PLOT: A true account of historian Deborah Lipstadt’s (Rachel Weisz) battle with holocaust denier David Irving (Timothy Spall), who sues her for libel after characterizing him as such in a book she wrote.
REVIEW: It’s amazing to think that in the 21st century anyone could possibly deny the Holocaust happened. Yet, hate is hate and to this day a vocal, highly anti-Semitic fringe group of believers exist that promulgate the theory that it never happened. Only ten years ago, a major court battle was fought in London where Jewish-American historian Deborah Lipstadt was, in essence, forced by British libel laws to prove the Holocaust actually happened – something which boggles the mind.
Lipstadt’s battle with David Irving, a self-taught historian known for his passionate defenses of Hitler, is the basis of this film and while essentially a straight-forward docudrama, it can’t be denied the subject matter is highly compelling. It’s an excellent vehicle for Weisz, cast against type as the Queens-born Lipstadt, and she utterly disappears into the part. She expertly conveys Lipstadt’s understandable outrage at her predicament, made worse by the fact that she’s essentially muzzled by her legal team as a tactic. She has no choice but to sit by and watch as her integrity is called into question while Irving argues that the systematic extermination of Europe’s Jewish population by the Nazis never happened. Robbed of any big speeches or rousing moments of triumph, Weisz is forced to convey a whole range of emotion during the courtroom scenes via looks alone, and her performance is masterful.
Just as good is Timothy Spall. Playing an absolutely venal character, he’s remarkably good, never playing Irving as a madman but rather more of a pathetic figure and it’s tough to take your eyes off-him. The always great Tom Wilkinson plays his sparring partner, LIpstadt’s barrister, who knows exactly how to un-nerve Irving, never making eye-contact with him and treating him with disdain – upsetting his fragile ego. Watching these three all go head-to-head is a pleasure.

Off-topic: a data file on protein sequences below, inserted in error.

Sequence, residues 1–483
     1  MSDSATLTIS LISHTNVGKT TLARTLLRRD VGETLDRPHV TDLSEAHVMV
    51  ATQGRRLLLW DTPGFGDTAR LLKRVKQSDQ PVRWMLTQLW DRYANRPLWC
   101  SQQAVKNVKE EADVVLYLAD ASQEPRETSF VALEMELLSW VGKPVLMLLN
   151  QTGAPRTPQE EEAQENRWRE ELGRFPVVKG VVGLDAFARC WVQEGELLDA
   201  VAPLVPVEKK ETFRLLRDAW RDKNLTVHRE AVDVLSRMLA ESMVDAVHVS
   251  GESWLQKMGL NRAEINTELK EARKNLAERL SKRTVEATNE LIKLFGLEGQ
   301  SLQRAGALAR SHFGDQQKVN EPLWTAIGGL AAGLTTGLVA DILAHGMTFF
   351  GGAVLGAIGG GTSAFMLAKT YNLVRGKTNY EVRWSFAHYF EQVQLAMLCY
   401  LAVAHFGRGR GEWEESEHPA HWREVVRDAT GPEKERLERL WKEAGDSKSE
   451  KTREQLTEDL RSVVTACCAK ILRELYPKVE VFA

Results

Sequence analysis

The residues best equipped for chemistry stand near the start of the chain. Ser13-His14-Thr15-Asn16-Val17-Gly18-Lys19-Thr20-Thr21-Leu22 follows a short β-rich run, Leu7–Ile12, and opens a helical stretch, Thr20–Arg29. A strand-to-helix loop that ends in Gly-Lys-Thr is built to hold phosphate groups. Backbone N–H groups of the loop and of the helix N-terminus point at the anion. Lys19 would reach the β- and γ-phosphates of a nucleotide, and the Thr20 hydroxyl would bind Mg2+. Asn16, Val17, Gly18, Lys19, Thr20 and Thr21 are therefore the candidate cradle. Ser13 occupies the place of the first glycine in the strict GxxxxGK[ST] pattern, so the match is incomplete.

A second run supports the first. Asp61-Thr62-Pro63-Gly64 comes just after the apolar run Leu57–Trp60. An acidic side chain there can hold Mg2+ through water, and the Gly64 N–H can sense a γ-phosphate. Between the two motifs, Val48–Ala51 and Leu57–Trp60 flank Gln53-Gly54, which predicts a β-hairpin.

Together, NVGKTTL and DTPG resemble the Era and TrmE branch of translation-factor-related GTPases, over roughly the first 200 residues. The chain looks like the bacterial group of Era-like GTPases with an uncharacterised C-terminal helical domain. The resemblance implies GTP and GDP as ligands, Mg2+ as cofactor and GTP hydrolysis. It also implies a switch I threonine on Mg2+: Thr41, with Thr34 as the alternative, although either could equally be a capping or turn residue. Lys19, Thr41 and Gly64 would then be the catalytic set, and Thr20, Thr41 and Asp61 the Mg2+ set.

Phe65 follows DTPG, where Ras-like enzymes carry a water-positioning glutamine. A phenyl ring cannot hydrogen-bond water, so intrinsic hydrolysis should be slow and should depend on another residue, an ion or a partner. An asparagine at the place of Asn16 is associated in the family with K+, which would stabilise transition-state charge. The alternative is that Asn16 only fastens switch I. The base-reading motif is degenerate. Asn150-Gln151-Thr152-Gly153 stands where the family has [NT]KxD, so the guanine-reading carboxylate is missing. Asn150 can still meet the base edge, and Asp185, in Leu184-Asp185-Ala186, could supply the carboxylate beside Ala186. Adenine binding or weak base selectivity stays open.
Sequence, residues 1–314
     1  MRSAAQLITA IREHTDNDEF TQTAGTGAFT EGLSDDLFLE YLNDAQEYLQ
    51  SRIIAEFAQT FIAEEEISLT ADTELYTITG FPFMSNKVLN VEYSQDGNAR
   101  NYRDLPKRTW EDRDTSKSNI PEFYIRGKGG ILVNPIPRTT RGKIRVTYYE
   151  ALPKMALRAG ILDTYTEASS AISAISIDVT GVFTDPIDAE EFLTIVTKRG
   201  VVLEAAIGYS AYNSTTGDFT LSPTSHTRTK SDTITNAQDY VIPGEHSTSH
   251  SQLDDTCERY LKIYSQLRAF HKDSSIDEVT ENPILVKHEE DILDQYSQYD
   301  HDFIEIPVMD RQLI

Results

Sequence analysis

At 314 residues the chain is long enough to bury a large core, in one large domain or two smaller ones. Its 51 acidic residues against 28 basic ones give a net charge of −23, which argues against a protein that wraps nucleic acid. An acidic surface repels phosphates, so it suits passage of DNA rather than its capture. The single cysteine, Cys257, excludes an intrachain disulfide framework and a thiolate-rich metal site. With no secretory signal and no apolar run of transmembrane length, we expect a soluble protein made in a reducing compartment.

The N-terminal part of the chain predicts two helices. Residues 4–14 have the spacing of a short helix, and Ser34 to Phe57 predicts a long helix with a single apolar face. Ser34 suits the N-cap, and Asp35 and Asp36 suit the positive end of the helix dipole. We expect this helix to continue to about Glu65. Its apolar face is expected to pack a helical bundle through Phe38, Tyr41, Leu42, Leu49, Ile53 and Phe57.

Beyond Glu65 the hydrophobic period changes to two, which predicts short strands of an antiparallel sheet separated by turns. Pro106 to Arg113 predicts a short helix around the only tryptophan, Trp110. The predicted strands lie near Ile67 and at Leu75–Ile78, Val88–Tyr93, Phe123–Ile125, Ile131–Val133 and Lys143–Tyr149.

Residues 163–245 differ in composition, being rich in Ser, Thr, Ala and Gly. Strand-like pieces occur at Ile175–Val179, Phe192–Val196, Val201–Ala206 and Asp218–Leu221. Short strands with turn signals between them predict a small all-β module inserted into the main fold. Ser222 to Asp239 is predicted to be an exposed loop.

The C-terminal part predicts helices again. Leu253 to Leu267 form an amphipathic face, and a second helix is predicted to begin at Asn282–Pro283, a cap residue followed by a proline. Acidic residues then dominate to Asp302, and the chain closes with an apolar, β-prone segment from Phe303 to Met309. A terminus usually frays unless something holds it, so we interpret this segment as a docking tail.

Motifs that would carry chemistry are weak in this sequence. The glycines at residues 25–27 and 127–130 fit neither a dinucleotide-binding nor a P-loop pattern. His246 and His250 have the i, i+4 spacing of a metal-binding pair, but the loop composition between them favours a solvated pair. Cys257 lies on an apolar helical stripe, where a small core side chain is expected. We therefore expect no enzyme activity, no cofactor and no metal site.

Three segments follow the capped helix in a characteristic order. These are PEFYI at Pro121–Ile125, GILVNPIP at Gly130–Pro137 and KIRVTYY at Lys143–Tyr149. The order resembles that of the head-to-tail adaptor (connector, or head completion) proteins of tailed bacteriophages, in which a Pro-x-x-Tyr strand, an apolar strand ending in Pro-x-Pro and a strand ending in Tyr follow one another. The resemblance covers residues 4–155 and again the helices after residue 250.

A movie like this really lives or dies by the acting, and in that regard DENIAL is well-served by everyone, including ‘Sherlock’s’ Andrew Scott as Lipstadt’s solicitor, finally cast as something other than a villain by Hollywood. The movie itself is pretty middle-of-the-road, with it coming-off more like a really good HBO Film than a feature, which is probably semi-intentional as director Mick Jackson, who’s probably still best-known for THE BODYGUARD, has directed some great cable films, including TEMPLE GRANDIN and LIVE FROM BAGHDAD. Other than a well-staged trip to Auschwitz, which is filmed almost totally silent and free of Howard Shore’s sometime over-bearing musical score, most of the movie is talking heads and back-and-forth, so there’s not a whole lot Jackson could do to make it really feature-worthy.
DENIAL might be served just as well by the small-screen as the large, but it’s still good, adult entertainment and a smart, educational work. There’s always an audience for this kind of stuff, and while DENIAL isn’t quite good enough to get any serious Oscar attention, it’s still well-assembled and intriguing. The acting is great, the story is true and while it could have just as easily worked as a TV film than as a feature, it’s still really worth checking-out.